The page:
Moving a bit faster now, we want to add some polynomial operations. This commit adds a polynomial addition op. The tablegen:

include "PolyDialect.td"
include "PolyTypes.td"

let summary = "Addition operation between polynomials.";
let arguments = (ins Polynomial:$lhs, Polynomial:$rhs);
let results = (outs Polynomial:$output); let assemblyFormat = "$lhs , $rhs attr-dict : ( type($lhs) , type($rhs) ) -> type($output)";
}


It looks very similar to a type, but the base class is Op, the arguments correspond to the operation’s inputs, and the assembly format is more complicated. We’ll enhance it in a future article, but the reason is that without inserting some special hooks, tablegen isn’t able to generate a parser that can infer what the types of the inputs and outputs should be when constructing it from the textual representation. [Aside: I feel like it should be able to with the simple example above, but for whatever reason the MLIR devs appear to have made auto-generated type inference opt-in via the trait infrastructure, see next article.]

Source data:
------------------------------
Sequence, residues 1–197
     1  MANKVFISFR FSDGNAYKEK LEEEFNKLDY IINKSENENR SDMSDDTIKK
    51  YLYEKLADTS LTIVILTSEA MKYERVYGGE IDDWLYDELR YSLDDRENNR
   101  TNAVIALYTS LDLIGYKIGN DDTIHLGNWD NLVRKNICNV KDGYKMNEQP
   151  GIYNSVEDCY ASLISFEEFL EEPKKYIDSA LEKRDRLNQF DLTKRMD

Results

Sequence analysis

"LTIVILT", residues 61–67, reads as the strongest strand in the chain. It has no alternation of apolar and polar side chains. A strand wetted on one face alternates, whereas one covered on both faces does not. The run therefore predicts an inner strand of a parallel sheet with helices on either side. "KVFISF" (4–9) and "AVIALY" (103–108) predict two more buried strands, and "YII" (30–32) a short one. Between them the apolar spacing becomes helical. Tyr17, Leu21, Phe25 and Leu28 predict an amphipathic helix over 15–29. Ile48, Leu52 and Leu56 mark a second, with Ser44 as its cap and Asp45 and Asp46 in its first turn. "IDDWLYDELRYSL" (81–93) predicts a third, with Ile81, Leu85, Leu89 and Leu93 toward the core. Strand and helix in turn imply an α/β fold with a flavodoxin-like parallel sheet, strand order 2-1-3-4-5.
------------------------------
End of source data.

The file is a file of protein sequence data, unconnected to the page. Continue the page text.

Still, we can add a test and it passes

  // CHECK-LABEL: test_add_syntax
func.func @test_add_syntax(%arg0: !poly.poly<10>, %arg1: !poly.poly<10>) -> !poly.poly<10> {

The generated C++ has quite a bit more going on. Here’s the full generated code. Mainly the generated header defines AddOp which has getters for the arguments and results, “mutable” getters for modfying the op in place, parse/print, and generated builder methods. It also defines an AddOpAdaptor class which is used during lowering. The cpp file contains mostly rote implementations of these, converting from a generic internal representation to specific types and named objects that client code would use.
Next, in this commit I added a from_tensor operation that converts a list of coefficients to a polynomial, and an eval op that evaluates a polynomial at a given input value.